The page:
For example, the Laguna Atascosa National Wildlife Refuge celebrated 2020 National Public Lands Day with an interactive—and virtual—painting event. Using NEEF’s NPLD Highlighted Virtual Site Sponsorship, volunteers purchased and assembled “at-home” watercolor kits that were then mailed to participants. A local artist hosted a Wildlife Watercolors class over Zoom, demonstrating basic watercolor techniques and educating participants on the species and habitats of Texas’ Gulf Coast.

Another park with a particularly strong artistic legacy is Connecticut’s Weir Farm National Historic Park. The home of impressionist painter J. Alden Weir has welcomed thousands of painters over the years to what Weir himself called the “Great Good Place.” Artists travel here to draw inspiration from the park’s woods, fields, and waterways.

While Weir Farm’s in-person community art workshops paused due to COVID-19, its annual Art in the Park contest went virtual. The event was a success, featuring an online gallery of entries that launched on Weir Farm’s 30th birthday.

Get Involved

Art can help us think about our public lands in new ways. Today’s artists are continuing a long-established legacy of re-interpreting how nature impacts our identity.

Are you interested in increasing your environmental awareness through the NPS Artist-in-Residence program? Visit the National Park Service and National Parks Arts Foundation websites for more information. Note that each park has its own application process, and some parks have altered their application timelines during the pandemic.

Beginning and advanced artists alike can also learn how to bring health and wellness to their communities through art therapy with NEEF’s free guide: Public Lands Engagement: Health & Wellness in Nature.” Park visitors can connect with nature through art to achieve wellness, rejuvenation, and healing—no prior art experience needed.

If you or a loved one need access to free and confidential mental health resources, the CDC has more information.

10 Inspiring Artist-in-Residence Instagram Accounts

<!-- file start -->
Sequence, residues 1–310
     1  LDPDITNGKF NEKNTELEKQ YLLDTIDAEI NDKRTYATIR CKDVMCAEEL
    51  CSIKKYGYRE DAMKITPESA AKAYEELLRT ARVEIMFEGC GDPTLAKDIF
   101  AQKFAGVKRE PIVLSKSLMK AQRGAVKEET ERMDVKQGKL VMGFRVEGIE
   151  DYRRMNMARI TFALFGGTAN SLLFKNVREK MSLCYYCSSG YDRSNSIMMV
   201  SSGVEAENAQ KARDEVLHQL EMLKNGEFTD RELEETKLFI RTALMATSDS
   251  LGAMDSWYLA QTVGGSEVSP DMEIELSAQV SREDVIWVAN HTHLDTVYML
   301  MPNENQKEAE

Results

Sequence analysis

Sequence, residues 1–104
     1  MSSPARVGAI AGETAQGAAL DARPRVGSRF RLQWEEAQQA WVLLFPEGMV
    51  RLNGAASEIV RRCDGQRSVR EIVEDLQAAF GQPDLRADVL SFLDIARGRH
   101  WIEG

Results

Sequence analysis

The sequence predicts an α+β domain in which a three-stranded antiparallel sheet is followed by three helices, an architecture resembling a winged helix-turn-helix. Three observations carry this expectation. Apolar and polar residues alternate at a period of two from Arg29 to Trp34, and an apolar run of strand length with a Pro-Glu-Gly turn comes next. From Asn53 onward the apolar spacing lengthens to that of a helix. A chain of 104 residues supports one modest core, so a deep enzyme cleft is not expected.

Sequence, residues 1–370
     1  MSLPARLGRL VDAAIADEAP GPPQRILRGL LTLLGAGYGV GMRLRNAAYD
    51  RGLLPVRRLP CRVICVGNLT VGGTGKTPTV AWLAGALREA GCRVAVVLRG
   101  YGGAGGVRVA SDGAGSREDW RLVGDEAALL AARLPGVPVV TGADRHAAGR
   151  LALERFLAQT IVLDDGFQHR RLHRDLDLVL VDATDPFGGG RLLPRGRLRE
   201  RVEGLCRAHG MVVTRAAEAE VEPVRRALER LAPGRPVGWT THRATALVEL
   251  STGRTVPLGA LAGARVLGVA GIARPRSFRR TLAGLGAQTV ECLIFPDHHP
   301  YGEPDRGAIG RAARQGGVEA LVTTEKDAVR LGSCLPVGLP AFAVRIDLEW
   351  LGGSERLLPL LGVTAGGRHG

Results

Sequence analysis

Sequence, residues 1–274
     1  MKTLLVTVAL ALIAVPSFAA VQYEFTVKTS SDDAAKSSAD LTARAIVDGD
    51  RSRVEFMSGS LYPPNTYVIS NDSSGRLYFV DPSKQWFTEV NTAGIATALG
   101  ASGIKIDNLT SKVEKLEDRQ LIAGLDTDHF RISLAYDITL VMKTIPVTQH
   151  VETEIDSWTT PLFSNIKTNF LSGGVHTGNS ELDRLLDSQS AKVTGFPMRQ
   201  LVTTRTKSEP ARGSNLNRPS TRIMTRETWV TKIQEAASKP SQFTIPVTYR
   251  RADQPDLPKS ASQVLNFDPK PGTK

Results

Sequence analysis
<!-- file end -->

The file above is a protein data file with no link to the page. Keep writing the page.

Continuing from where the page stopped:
• @airieverglades: Artists in Residence in Everglades (AIRIE) has brought 180+ artists to the Everglades.
  • @andywarnercomics: Comic artist who reported on the volcanic eruptions of Hawaii Volcanic National Park.
  • @bethewilliamsart: Used pastels to capture the unique natural resources of Dry Tortugas National Park during her month-long stay on Loggerhead Key.
  • @harpersferryNPS: Harpers Ferry National Historic Park shares how 2016 Artist-in-Residence Tim Lancaster captured the essence of the park through music.
  • @keslerwoodward: Painter who has been capturing images of Denali National Park for three decades and has served as one of the park’s Artist-in-Residence at the park since 2001.
  • @MariahReading: Eco-artist who turns trash into compelling artwork during residencies at Acadia National Park and others.
  • @morty.moll: Printmaker inspired by the southwest who was chosen as a 2021 Capitol Reef National Park Artist-in-Residence.
  • @NationalParkArts: Learn about upcoming Artist-in-Residence programs, museum in-loan programs, and workshops inspired by our National Parks.
  • @shenandoahnps: Shenandoah National Park highlights the work of its 2021 Artist-in-Residence, Nancy Hershberger, a quilter and fiber artist.
  • @stanhonda: Photojournalist who specializes in nighttime panoramas of spectacular places like Fort Union National Monument.